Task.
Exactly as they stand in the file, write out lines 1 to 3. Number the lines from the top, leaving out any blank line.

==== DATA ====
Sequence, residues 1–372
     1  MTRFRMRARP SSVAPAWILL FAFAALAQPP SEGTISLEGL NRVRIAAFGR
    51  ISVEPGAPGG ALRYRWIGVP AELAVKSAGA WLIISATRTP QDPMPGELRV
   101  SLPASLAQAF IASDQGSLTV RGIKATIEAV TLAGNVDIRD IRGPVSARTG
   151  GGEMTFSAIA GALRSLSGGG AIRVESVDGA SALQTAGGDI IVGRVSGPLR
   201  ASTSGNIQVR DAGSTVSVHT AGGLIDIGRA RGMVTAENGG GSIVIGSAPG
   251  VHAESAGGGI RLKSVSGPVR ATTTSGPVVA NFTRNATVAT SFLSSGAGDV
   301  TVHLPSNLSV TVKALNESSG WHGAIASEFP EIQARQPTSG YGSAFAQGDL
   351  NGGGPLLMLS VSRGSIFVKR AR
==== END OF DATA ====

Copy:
Sequence, residues 1–372
     1  MTRFRMRARP SSVAPAWILL FAFAALAQPP SEGTISLEGL NRVRIAAFGR
    51  ISVEPGAPGG ALRYRWIGVP AELAVKSAGA WLIISATRTP QDPMPGELRV